The Holocaust was a horrifying crime against humanity. Adolf Hitler led a nation of Germans who were trying to rid "inferior races". Hitler had a "final solution" to take care of anybody who he saw as inferior. "The plans included in the Final Solution included the deportation, exploitation, and eventual extermination of European Jews". (Grobman) His method was to kill any undesirables. He would use concentration camps and death camps. Within the years 1941-1945 over eleven million people were killed. Six million of those who died were killed simply because they were Jewish. Over one million children were also killed during the Holocaust. Nazis, Hitler's followers, killed over two thirds of the Jewish population in Europe. Groups that were brought to concentration camps and death camps included Jews, gypsies, homosexuals, mentally or physically disabled people, and people who did not agree with the government.
The first concentration camps were established in 1933. In the beginning concentration camps were places that held people in protective custody. Victims for protective custody included those who were both physically and mentally ill, gypsies, homosexuals, Jehovah Witnesses, Jews and anyone against the Nazis. By 1934 there were at least fifty concentration camps throughout Europe. In the beginning these camps were watched over by the police, and then Hitler had his security take over. Camps were set up for different reasons. Some for forced labor, others for medical experiments and, for death. Camps were set up along railroad lines, so that the prisoners would be close to their destination. As they were being transported either to a camp or from one to another, the soldiers kept telling the Jews to have hope. The conditions on the train were terrible. Many people died of starvation before they arrived. Most families ended up being separated when they arrived at a camp. Jews were forced to obey the guard's orders from the moment they arrived at the camps. The prisoners usually had marks on their clothes or numbers on their arms to identify them. The conditions of the camps were terrible and inhumane. Within the first few days of being at the camps, thousands of people died of hunger, starvation and disease. Other people died from the cruel punishments of the guards' beatings and torture.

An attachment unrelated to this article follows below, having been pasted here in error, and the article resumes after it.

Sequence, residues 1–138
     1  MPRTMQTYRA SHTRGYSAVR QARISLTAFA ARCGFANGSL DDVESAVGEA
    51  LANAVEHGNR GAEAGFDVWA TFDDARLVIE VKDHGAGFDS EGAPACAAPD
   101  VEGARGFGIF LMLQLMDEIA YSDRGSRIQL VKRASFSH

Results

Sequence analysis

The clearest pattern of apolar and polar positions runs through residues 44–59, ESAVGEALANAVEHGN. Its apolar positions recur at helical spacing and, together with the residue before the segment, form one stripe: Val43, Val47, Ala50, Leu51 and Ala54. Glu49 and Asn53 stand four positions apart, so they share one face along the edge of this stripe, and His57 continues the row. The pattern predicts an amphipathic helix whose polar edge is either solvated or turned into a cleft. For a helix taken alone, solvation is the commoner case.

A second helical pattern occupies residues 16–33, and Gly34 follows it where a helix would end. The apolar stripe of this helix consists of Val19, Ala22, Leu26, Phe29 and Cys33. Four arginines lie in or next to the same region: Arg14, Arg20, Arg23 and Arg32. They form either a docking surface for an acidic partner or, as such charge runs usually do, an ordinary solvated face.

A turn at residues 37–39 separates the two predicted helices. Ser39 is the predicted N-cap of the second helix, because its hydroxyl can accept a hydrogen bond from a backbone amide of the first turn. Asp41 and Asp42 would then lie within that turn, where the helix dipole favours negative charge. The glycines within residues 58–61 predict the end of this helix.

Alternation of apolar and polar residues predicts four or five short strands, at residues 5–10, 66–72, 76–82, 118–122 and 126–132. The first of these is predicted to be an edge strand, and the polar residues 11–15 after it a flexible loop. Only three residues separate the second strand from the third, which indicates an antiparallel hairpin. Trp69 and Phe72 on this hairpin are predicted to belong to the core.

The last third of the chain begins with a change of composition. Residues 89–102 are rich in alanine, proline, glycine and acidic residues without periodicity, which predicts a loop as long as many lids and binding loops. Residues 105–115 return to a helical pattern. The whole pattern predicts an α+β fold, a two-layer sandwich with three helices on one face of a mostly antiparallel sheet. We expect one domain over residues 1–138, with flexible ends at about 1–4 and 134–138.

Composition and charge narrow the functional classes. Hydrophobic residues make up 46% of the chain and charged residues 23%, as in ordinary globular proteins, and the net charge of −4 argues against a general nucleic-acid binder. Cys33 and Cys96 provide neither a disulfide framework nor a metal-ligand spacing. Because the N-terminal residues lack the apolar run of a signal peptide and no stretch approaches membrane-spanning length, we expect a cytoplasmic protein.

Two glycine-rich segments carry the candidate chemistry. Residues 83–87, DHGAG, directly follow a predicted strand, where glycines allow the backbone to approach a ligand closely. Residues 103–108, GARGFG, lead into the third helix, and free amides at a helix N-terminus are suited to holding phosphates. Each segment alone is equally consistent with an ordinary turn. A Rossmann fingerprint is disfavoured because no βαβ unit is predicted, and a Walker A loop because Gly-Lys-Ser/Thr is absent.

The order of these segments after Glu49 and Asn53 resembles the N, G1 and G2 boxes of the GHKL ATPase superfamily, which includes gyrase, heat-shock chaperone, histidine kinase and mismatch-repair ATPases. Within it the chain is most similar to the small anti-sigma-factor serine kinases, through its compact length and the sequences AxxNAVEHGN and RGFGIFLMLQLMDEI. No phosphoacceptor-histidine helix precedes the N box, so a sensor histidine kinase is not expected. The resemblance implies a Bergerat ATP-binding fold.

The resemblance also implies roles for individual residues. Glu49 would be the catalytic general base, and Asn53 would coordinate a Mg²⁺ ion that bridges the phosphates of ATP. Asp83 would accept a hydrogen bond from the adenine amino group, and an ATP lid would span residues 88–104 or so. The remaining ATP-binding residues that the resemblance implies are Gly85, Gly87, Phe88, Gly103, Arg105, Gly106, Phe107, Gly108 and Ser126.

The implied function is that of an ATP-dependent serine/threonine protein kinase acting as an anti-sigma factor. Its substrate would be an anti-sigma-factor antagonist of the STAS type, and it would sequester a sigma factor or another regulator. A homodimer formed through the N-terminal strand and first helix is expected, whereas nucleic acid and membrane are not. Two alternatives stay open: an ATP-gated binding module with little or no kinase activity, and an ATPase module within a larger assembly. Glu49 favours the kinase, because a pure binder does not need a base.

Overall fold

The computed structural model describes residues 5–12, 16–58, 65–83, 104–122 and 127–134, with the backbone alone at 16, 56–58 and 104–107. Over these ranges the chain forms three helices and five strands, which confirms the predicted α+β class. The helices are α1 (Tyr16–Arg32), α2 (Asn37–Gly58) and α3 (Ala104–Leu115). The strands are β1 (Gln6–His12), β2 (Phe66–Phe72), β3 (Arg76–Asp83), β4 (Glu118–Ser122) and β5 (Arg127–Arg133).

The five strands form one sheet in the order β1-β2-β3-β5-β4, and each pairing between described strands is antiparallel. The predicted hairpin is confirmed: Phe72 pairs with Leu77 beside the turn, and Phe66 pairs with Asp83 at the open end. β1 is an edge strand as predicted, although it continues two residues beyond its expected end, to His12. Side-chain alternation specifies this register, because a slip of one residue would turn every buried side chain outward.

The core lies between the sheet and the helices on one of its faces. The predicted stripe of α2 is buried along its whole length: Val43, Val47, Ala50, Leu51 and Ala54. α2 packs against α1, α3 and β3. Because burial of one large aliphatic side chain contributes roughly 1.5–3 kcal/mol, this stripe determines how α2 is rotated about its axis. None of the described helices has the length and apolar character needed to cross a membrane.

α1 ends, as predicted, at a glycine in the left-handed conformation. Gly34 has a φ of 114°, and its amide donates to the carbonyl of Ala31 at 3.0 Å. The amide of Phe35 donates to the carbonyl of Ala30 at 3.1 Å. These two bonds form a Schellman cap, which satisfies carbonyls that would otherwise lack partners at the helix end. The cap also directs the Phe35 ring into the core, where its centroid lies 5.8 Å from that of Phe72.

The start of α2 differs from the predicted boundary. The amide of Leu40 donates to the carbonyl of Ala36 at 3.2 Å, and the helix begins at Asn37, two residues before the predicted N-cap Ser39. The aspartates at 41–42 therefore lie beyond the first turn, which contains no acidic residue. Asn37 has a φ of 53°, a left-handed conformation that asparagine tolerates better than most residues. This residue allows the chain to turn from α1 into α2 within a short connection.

In 1937, seven thousand Jews were in camps. By 1938, ten thousand more Jews were sent to camps. Jews were taken to camps if they expressed negative feelings about the government, if they married a non-Jew, if they were sick, mentally or physically, or if they had a police record. When someone escaped from the camp, all the prisoners in that group were shot. Nazis, who claimed that they did not necessarily hate Jews, seemed to enjoy making the Jews suffer. They also felt that slavery was better than killing their prisoners. Surrounding some of the camps in Poland was a forest that the Jews ...